CHAPTER 12 RISK, COST OF CAPITAL, AND CAPITAL BUDGETING


 Dustin Hodges
 2 years ago
 Views:
Transcription
1 CHAPTER 12 RISK, COST OF CAPITAL, AND CAPITAL BUDGETING Answers to Concepts Review and Critical Thinking Questions 1. No. The cost of capital depends on the risk of the project, not the source of the money. 2. Interest expense is taxdeductible. There is no difference between pretax and aftertax equity costs. 3. You are assuming that the new project s risk is the same as the risk of the firm as a whole, and that the firm is financed entirely with equity. 4. Two primary advantages of the SML approach are that the model explicitly incorporates the relevant risk of the stock and the method is more widely applicable than is the DCF model, since the SML doesn t make any assumptions about the firm s dividends. The primary disadvantages of the SML method are (1) three parameters (the riskfree rate, the expected return on the market, and beta) must be estimated, and (2) the method essentially uses historical information to estimate these parameters. The riskfree rate is usually estimated to be the yield on very short maturity Tbills and is, hence, observable; the market risk premium is usually estimated from historical risk premiums and, hence, is not observable. The stock beta, which is unobservable, is usually estimated either by determining some average historical beta from the firm and the market s return data, or by using beta estimates provided by analysts and investment firms. 5. The appropriate aftertax cost of debt to the company is the interest rate it would have to pay if it were to issue new debt today. Hence, if the YTM on outstanding bonds of the company is observed, the company has an accurate estimate of its cost of debt. If the debt is privatelyplaced, the firm could still estimate its cost of debt by (1) looking at the cost of debt for similar firms in similar risk classes, (2) looking at the average debt cost for firms with the same credit rating (assuming the firm s private debt is rated), or (3) consulting analysts and investment bankers. Even if the debt is publicly traded, an additional complication arises when the firm has more than one issue outstanding; these issues rarely have the same yield because no two issues are ever completely homogeneous. 6. a. This only considers the dividend yield component of the required return on equity. b. This is the current yield only, not the promised yield to maturity. In addition, it is based on the book value of the liability, and it ignores taxes. c. Equity is inherently riskier than debt (except, perhaps, in the unusual case where a firm s assets have a negative beta). For this reason, the cost of equity exceeds the cost of debt. If taxes are considered in this case, it can be seen that at reasonable tax rates, the cost of equity does exceed the cost of debt. 7. R Sup = (.08) =.1800 or 18.00% Both should proceed. The appropriate discount rate does not depend on which company is investing; it depends on the risk of the project. Since Superior is in the business, it is closer to a pure play.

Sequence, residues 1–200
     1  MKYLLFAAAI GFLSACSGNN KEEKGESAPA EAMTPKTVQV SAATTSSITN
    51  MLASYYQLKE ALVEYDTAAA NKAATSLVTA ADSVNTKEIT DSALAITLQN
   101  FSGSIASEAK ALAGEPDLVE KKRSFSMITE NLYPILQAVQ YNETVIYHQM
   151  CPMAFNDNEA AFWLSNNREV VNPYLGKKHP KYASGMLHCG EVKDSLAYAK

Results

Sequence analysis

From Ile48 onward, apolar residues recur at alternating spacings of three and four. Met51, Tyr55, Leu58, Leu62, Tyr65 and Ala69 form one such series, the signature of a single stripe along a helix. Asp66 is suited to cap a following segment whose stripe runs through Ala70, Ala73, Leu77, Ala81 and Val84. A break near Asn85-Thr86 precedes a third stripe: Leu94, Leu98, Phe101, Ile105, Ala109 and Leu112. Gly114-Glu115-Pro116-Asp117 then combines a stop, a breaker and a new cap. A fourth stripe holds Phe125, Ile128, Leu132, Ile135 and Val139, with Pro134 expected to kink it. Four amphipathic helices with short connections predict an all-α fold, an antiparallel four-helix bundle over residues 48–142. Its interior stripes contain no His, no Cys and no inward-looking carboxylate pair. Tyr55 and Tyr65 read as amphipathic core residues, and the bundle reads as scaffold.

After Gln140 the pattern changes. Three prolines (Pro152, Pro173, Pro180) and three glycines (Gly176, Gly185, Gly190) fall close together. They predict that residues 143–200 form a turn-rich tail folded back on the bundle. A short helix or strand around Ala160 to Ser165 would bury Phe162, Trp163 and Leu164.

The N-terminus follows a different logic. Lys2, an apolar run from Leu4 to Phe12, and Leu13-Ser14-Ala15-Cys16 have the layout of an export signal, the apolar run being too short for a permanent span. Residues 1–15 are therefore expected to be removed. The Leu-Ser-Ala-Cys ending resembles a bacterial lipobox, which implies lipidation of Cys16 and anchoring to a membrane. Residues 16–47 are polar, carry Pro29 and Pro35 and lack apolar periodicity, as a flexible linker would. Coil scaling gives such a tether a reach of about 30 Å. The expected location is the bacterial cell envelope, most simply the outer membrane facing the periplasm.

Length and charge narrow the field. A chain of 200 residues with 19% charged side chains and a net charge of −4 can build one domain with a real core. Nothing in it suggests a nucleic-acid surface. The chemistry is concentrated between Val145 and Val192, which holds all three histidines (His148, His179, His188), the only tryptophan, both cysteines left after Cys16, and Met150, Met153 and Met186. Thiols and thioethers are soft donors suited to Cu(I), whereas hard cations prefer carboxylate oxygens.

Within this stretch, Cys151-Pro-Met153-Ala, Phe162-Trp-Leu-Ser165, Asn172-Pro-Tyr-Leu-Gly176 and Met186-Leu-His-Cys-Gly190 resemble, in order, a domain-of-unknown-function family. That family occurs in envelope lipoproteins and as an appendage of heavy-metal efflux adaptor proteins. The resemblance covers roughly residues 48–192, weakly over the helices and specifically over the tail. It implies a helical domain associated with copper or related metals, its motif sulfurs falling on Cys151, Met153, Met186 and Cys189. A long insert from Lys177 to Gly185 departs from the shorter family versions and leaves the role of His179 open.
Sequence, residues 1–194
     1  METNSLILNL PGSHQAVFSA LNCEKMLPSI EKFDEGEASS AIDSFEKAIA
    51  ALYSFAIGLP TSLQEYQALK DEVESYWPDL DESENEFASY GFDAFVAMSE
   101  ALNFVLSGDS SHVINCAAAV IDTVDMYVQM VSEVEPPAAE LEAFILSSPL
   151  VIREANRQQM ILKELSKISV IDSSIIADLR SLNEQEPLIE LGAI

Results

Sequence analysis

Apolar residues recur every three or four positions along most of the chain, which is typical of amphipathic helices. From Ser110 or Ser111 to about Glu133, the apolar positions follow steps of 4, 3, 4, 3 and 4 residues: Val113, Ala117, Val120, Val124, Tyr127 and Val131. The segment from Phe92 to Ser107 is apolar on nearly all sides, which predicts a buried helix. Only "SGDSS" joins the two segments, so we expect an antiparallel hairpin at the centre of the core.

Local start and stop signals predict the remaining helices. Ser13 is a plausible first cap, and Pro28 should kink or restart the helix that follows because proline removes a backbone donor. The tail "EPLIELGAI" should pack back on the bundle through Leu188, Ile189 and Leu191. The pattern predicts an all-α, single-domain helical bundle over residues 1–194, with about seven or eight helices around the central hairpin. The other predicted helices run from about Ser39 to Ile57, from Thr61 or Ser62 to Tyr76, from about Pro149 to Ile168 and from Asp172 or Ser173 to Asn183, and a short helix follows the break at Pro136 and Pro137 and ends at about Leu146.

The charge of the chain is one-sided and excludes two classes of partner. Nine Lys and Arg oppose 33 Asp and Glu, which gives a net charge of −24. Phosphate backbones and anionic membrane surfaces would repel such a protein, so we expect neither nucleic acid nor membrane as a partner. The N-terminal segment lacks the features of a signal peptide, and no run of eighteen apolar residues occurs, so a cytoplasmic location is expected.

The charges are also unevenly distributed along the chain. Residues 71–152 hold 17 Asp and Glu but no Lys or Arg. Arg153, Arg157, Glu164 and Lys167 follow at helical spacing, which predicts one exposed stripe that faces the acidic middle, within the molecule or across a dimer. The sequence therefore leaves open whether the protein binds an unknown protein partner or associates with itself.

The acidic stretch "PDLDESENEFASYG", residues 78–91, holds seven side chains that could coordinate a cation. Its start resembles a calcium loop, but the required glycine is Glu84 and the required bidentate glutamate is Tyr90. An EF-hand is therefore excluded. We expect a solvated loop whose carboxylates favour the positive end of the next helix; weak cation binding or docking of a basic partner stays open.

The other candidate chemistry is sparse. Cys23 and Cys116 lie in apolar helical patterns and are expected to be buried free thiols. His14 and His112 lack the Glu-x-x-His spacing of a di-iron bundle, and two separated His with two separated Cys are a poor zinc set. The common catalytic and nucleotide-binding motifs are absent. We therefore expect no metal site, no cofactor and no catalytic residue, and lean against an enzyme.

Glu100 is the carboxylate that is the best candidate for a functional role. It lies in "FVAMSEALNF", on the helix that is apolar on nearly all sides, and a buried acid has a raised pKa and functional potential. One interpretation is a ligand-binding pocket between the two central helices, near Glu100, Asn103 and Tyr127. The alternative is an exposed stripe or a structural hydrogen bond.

2 CHAPTER 12 B 287 Therefore, its cost of capital should be used. With an 18% cost of capital, the project has an NPV of $1 million regardless of who takes it. 8. If the different operating divisions were in much different risk classes, then separate cost of capital figures should be used for the different divisions; the use of a single, overall cost of capital would be inappropriate. If the single hurdle rate were used, riskier divisions would tend to receive more funds for investment projects, since their return would exceed the hurdle rate despite the fact that they may actually plot below the SML and, hence, be unprofitable projects on a riskadjusted basis. The typical problem encountered in estimating the cost of capital for a division is that it rarely has its own securities traded on the market, so it is difficult to observe the market s valuation of the risk of the division. Two typical ways around this are to use a pure play proxy for the division, or to use subjective adjustments of the overall firm hurdle rate based on the perceived risk of the division. 9. The discount rate for the projects should be lower that the rate implied by the security market line. The security market line is used to calculate the cost of equity. The appropriate discount rate for projects is the firm s weighted average cost of capital. Since the firm s cost of debt is generally less that the firm s cost of equity, the rate implied by the security market line will be too high. 10. Beta measures the responsiveness of a security's returns to movements in the market. Beta is determined by the cyclicality of a firm's revenues. This cyclicality is magnified by the firm's operating and financial leverage. The following three factors will impact the firm s beta. (1) Revenues. The cyclicality of a firm's sales is an important factor in determining beta. In general, stock prices will rise when the economy expands and will fall when the economy contracts. As we said above, beta measures the responsiveness of a security's returns to movements in the market. Therefore, firms whose revenues are more responsive to movements in the economy will generally have higher betas than firms with lesscyclical revenues. (2) Operating leverage. Operating leverage is the percentage change in earnings before interest and taxes (EBIT) for a percentage change in sales. A firm with high operating leverage will have greater fluctuations in EBIT for a change in sales than a firm with low operating leverage. In this way, operating leverage magnifies the cyclicality of a firm's revenues, leading to a higher beta. (3) Financial leverage. Financial leverage arises from the use of debt in the firm's capital structure. A levered firm must make fixed interest payments regardless of its revenues. The effect of financial leverage on beta is analogous to the effect of operating leverage on beta. Fixed interest payments cause the percentage change in net income to be greater than the percentage change in EBIT, magnifying the cyclicality of a firm's revenues. Thus, returns on highlylevered stocks should be more responsive to movements in the market than the returns on stocks with little or no debt in their capital structure. Solutions to Questions and Problems NOTE: All endofchapter problems were solved using a spreadsheet. Many problems require multiple steps. Due to space and readability constraints, when these intermediate steps are included in this solutions manual, rounding may appear to have occurred. However, the final answer for each problem is found without rounding during any step in the problem. Basic 1. With the information given, we can find the cost of equity using the CAPM. The cost of equity is: R E = ( ) =.1425 or 14.25%